Divine Right of Capital 1All societies have world views, the “unconscious mental habits” we use to make sense of the world – so deep, so pervasive as to be invisible. Aristocratic society in feudal times based its membership on property ownership. Back then, it was land. Today it’s wealth, or financial assets. Throughout the book, Kelly draws a connection between feudal aristocracy and our modern aristocracy, the wealthy shareholder.

    Today, our worldview has a bias – that stockholders are to be paid as much as possible, while employees are to be paid as little as possible. “Income for one group is declared good, and income for another group is declared bad.” Nowhere is this more clear than in our financial statements. Here’s the basic formula you’ll find on financial statements:

    Capital Income + Retained earnings = Revenue – (Employee income + Cost of materials)

    Kelly uses some simple algebra to show that this formula could just as easily be re-written as:

    Employee income + Retained earnings = Revenue – (Capital income + Cost of materials)

    In other words, the company could just as easily be optimized to maximize employee income. All it takes is a perspective shift. Kelly then talks about the fact that employees don’t even show up on the corporate balance sheet. That’s because employees are seen as an expense, not an asset, despite the common phrase “our employees are our greatest assets.” This is because employees are essentially treated as “outsiders” in the narrative of corporate financial statements. Kelly proposes shifting this, so that labor and capital both become considered “insiders” – full-fledged members of the corporate society, each with a claim on its profits.

    The last section in chapter 1 covers how companies externalize costs and how that translates into social and environmental degradation. – snip

    • Employees don’t put in capital. If they did they would be entitled to profit – eg. Employee share plan.

      • You know I’m not a fan of Marginalism and why, then some get confused about how the whole credit thing has gotten out of control and do I need to remind the whole drama with Friedman’s and Jenson’s little Bernays PR wrt share holder value trope moving away from the traditional capitalist view e.g. the Pinto was a direct result and the birth of the C-suite bonus incentive culture and its results.

        I suggest you read the entire work and not focus on just one aspect.

        I would also question your take on putting in Capital considering the above and the propensity to use jizzed equity through junk bond issuance to fund buy backs, buy and sell side marry go round or abuse of risk tools.

      • Its reality. Why would a capitalist put in capital if the net profit was going to be paid out to staff? They would only return enough to replace their capital ie. ebitda.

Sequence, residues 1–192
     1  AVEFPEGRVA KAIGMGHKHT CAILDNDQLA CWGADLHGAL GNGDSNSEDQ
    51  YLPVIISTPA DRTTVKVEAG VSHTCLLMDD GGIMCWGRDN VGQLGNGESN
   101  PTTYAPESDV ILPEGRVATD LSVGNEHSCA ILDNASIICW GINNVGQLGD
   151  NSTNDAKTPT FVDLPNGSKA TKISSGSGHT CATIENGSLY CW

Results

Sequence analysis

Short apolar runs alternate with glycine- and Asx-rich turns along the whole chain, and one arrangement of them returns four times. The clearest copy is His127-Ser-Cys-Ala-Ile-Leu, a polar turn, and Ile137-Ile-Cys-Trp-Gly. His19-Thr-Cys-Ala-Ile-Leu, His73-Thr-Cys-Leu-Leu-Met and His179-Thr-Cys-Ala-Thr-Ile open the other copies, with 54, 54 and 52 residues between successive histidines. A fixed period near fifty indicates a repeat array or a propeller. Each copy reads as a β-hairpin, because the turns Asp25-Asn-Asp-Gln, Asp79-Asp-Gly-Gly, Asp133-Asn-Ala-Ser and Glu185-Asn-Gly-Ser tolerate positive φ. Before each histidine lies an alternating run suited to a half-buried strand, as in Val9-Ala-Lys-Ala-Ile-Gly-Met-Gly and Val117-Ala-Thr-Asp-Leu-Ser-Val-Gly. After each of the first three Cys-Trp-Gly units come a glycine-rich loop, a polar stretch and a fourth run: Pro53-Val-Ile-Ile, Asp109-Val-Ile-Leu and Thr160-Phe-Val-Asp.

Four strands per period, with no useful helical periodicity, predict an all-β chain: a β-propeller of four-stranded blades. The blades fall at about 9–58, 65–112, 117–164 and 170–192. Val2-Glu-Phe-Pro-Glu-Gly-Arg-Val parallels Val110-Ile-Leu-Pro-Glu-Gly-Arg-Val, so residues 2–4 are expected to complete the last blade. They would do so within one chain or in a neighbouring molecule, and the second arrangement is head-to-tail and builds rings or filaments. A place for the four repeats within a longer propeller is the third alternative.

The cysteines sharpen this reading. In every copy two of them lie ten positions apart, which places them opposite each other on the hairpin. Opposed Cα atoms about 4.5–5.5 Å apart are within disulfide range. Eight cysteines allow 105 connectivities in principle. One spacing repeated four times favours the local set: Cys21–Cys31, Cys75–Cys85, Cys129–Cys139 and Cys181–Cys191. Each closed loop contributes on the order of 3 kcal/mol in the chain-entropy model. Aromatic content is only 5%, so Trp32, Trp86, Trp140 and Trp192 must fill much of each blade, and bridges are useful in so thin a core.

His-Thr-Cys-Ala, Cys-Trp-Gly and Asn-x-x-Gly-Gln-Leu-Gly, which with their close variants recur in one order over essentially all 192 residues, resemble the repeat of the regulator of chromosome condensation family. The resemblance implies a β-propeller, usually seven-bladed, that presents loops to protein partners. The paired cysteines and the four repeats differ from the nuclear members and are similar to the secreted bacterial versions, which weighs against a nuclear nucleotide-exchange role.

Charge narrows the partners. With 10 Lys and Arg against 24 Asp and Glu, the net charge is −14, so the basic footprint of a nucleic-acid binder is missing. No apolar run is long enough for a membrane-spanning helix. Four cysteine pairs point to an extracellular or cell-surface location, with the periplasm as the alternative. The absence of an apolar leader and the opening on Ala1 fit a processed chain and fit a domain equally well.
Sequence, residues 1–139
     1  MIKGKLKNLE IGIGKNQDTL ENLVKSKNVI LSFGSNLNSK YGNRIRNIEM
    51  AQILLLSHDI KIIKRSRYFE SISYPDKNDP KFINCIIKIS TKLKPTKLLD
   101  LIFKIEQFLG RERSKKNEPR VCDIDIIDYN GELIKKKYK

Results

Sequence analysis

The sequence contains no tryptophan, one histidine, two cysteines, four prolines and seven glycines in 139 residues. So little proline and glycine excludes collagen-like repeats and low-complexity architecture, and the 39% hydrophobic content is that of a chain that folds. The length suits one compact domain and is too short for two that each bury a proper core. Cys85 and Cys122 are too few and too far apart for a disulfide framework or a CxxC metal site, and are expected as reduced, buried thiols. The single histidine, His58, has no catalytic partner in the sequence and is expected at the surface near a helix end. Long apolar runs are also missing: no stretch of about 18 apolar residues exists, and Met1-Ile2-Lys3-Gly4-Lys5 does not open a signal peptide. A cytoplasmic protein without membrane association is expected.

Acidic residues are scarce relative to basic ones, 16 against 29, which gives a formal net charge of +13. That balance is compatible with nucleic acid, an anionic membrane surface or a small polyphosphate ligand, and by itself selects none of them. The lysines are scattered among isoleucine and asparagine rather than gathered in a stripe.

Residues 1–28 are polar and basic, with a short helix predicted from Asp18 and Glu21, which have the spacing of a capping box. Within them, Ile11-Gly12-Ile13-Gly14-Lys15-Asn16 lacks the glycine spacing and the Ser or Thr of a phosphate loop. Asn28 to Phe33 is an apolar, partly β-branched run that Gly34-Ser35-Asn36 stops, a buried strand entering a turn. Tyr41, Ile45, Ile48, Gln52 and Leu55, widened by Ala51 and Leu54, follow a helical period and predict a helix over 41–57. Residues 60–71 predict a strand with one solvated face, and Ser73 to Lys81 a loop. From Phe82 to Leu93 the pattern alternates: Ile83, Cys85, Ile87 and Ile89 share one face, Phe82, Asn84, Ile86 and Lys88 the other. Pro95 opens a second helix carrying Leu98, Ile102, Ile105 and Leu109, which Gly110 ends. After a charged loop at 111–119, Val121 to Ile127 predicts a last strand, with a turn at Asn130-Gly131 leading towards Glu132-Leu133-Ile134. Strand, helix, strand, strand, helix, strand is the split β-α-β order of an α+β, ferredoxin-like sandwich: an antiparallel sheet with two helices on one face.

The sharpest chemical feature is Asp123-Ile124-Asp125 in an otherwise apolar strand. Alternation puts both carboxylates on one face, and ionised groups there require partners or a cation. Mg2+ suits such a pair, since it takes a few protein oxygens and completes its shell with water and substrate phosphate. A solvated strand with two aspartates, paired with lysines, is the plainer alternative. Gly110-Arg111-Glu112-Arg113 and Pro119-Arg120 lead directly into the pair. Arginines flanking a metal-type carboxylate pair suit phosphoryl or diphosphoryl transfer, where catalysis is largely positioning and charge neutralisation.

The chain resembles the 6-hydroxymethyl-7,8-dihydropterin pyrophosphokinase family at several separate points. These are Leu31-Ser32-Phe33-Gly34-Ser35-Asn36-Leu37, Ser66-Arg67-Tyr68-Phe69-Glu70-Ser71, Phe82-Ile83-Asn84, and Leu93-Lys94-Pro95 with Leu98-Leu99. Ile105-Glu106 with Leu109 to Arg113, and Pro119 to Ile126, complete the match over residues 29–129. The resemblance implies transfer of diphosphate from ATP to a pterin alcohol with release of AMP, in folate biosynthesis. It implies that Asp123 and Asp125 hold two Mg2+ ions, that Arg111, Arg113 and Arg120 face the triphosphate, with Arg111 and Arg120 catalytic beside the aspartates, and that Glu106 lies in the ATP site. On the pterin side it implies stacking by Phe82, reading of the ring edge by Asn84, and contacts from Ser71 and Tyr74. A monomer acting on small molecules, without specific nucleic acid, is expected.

This pre-dates marginalism btw

      • Please remind me of the core responsibility of a corp is again and can we also acknowledge past floor to executive ratios to current. Yet that still does nothing to respond to the above points about increased financialization which allows non productive enterprise to flourish whilst off loading risk on everyone else and extract rents.

      • The legal structure of the business is beside the point. Too much gets made of “corporations” in Chomskyite circles. As if the legal structure somehow makes the business more exploitative. It just limits the downside.

      • Executive ratios is a different question. Execs are staff. The ratio blowout is due to bad Corp governance where boards permanently delegate all operational powers to execs. Most executives wouldn’t know their top 10 shareholders.

      • btw Kelly is wrong. Employees do show up on the balance sheet on the liability side which is correct accounting as their labour is provided on credit (interest free). Both salaries and provisions.

    • Thanks for the link Skip. I will explore this book although I am convinced we need to revisit the purpose of having corporation as a separate entity and the notion of profits over and above wages/salaries. Seems to me something developed by wealthy landowner/capital owners to keep on exploiting the ‘freed’ surfs/slaves. and please, I am not proposing communism, a discredited theory much like capitalism

  3. The link between housing debt and home prices in Australia, in one chart

    Bill Evans says the RBA’s nirvana-like economic forecasts are ‘courageous’ and ‘unlikely to be achieved’

    The RBA’s optimism means a lot has to go right in the Australian economy before interest rates rise

    • Including gold that is on loan, the RBA’s gold holdings amount to 80 tonnes, with the full value of these holdings recorded as an asset on the RBA’s balance sheet. The RBA has not undertaken any sales or purchases of gold in the past two decades.

      Its part of a basket of assets and not a sign of a return to a hard moeny standard…. sigh…. bias confirmation….

  4. Someone should start a crowd fund to fund house sellers to sell for half price, and show the price sold.

    Then watch the ripple effect in action 😉

  5. If i had idle time on my hands, i’d start a fund stated explicitly for strategically bombing the housing market by secretly backing vendors to sell cheap.

    Bit like an antedote to the big 4 putting funds into the Block auctions.

      • With the market very toppy and vulnerable to a big over-correcting downfall, one could trigger that, then buy up the cheap carcases.

    • I hear the USA has the same penchant, but think its more about not letting anyone in the south get any bright ideas or the old oil price game. So much for self determination…. eh….

      • TailorTrashMEMBER

        Yes paper is easy to manufacture ( security printing and all that aside ) …..but the manufacture of gold seems to have eluded many over the centuries

        Disclaimer ….I have some paper gold and real gold in a stash …

        … the latter I trust ….